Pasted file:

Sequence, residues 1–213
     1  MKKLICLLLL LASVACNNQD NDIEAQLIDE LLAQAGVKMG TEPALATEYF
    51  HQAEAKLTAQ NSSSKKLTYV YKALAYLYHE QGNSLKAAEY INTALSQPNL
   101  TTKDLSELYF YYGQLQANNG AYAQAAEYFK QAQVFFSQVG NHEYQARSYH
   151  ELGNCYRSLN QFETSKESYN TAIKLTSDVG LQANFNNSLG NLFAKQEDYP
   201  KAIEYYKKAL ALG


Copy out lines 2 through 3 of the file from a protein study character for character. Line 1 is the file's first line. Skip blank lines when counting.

     1  MKKLICLLLL LASVACNNQD NDIEAQLIDE LLAQAGVKMG TEPALATEYF
    51  HQAEAKLTAQ NSSSKKLTYV YKALAYLYHE QGNSLKAAEY INTALSQPNL